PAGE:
08 Dec Crafton Schools
The first school in Crafton was started in 1875 to educate Cahuilla Native Americans. The school was located on the south-west corner of Opal Avenue and the Mill Creek Zanja. The school building was an adobe home constructed by Lewis and John Cram in 1855. They later moved to Highland and formed the Cram School District in the 1860’s. The adobe home was rented by the Nicholas Earp family from 1866 to 1868. Yes, this is the father of Wyatt Earp; Wyatt lived in the home as a young teenager.
In 1875, Rose Belle Robbins, the daughter of Eliza P. Robbins Crafts, started a school for Cahuilla Indians. She taught English, math and reading and charged one dollar per month. She educated 15 to 25 students per school season. Rose’s father, Ellison Robbins, had been superintendent of San Bernardino County Schools in 1858. Her mother, Eliza Persis (Russell) Crafts, was one of the first teachers in the county. Rose’s adopted father, Myron Crafts, encouraged his step-daughter to also pursue a teaching career.
On August 7, 1882 the Crafton School District was organized by Charles R. Paine, George H. Crafts and Charles P. Barrows as trustees. Miss Sadie Townsend was hired as the teacher. A log cabin building was constructed on King Street just north of Colton Avenue and served as the school. One third of the students were Native Americans. County attendance records show 22 students attended regularly with ages from five to eighteen.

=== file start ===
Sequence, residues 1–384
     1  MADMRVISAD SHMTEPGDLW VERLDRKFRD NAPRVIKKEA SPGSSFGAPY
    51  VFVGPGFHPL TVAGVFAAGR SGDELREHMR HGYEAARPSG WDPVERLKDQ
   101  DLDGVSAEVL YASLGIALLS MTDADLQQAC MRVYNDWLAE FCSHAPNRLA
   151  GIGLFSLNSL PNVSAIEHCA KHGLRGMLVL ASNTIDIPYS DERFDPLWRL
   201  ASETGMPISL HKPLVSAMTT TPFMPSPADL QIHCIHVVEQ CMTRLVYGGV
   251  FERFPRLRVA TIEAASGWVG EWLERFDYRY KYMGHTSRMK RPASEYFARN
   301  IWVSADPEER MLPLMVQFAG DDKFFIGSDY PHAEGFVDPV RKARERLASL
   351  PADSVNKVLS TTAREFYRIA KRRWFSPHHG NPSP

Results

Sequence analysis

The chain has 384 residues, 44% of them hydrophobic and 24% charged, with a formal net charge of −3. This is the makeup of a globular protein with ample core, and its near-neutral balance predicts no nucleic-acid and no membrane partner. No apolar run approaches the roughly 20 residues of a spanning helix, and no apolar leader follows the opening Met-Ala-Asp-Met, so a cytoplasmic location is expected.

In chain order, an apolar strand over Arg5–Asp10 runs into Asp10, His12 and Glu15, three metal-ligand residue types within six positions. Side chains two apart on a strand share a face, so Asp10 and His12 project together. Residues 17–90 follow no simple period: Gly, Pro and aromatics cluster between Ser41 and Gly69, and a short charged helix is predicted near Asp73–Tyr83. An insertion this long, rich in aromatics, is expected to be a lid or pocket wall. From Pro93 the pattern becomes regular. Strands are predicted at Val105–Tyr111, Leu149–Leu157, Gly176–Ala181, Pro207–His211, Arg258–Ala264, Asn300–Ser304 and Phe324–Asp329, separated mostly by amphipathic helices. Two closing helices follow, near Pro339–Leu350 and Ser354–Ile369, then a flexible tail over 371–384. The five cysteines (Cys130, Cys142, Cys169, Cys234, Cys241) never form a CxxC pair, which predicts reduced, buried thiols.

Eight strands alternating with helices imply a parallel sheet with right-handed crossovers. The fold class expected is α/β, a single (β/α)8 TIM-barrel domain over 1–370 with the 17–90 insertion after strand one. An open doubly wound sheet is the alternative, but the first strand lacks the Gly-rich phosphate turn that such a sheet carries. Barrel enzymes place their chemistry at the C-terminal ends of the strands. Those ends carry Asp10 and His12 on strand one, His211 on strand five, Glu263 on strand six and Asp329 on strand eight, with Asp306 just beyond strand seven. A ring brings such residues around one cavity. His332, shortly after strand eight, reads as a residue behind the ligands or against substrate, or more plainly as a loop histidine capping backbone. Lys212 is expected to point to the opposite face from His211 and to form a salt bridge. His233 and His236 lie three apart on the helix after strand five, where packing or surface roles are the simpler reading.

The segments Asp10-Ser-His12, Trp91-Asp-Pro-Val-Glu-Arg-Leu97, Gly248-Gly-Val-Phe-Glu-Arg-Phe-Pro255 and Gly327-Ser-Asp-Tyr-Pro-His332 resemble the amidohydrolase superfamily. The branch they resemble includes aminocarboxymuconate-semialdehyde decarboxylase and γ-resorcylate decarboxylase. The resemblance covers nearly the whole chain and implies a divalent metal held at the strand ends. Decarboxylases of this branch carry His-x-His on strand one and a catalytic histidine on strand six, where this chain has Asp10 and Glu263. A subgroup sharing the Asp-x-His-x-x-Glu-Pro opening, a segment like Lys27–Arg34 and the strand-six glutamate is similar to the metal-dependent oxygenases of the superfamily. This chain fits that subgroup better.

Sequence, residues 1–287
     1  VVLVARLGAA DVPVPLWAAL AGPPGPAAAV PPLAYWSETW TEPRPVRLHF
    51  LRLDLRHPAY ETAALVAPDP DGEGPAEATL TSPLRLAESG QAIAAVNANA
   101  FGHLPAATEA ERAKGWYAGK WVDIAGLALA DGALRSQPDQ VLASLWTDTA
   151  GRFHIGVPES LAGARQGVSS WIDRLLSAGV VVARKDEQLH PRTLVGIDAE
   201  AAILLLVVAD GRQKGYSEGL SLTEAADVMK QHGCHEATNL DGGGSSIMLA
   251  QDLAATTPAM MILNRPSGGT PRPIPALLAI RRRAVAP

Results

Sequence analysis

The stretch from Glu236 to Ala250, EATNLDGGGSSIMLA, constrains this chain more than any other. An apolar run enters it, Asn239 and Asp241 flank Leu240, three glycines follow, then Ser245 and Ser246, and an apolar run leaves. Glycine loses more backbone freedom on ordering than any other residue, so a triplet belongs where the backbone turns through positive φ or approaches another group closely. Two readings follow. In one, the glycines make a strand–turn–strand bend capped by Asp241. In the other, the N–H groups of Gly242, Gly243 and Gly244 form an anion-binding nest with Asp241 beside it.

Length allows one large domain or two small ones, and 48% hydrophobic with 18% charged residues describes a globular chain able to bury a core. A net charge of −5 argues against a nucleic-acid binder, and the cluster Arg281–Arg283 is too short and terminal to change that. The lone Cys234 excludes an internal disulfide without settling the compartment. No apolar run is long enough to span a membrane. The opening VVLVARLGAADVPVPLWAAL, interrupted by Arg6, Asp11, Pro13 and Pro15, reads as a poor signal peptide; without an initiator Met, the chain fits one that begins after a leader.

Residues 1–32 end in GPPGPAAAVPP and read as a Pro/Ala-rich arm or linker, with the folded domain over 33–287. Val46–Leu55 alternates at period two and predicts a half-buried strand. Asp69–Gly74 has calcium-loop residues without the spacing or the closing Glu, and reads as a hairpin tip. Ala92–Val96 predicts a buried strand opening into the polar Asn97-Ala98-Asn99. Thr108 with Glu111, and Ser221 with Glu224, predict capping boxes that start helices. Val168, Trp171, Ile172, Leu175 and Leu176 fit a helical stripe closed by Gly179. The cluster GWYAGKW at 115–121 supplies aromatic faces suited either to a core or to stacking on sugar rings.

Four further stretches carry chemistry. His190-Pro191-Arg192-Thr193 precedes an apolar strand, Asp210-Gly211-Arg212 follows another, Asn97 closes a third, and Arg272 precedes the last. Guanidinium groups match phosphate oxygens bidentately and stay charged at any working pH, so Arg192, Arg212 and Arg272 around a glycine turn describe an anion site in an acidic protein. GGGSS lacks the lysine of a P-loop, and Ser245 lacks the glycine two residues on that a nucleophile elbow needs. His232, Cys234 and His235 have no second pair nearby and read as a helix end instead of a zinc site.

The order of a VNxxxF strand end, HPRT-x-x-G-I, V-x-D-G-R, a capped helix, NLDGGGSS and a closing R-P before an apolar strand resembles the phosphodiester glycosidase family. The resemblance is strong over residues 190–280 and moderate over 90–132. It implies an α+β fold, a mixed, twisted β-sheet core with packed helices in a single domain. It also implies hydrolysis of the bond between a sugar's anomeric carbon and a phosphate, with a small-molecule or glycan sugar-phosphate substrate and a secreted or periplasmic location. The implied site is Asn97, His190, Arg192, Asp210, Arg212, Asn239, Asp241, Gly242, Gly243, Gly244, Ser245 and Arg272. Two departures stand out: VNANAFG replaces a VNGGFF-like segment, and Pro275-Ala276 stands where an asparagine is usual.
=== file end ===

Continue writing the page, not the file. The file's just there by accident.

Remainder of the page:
East Redlands and Crafton began to really develop by 1886. The Chicago Colony settled in East Redlands and brought many young children. They named these streets from their native Illinois: Wabash, La Salle, Dearborn and Lincoln to name a few.
Crafton Land and Water Company subdivided Myron Crafts’ property and sales became brisk. The population that arrived wanted a modern school and disdained the log cabin school house on King Street. A bond for $6,500 was passed in 1887, which was a great amount for this rural area. The new school house was finished in 1888 and located on Wabash and the Mill Creek Zanja (shown above.) Students from burgeoning Mentone and Crafton attended the new school. Burros were used for transportation and tied in the small park near the Zanja. Crafton School District grew to two teachers in 1888. The imposing bell tower of the school house tolled each day at the beginning of school and again at the end. Mrs. Katherine Waite taught three decades at Crafton from 1886 to 1926.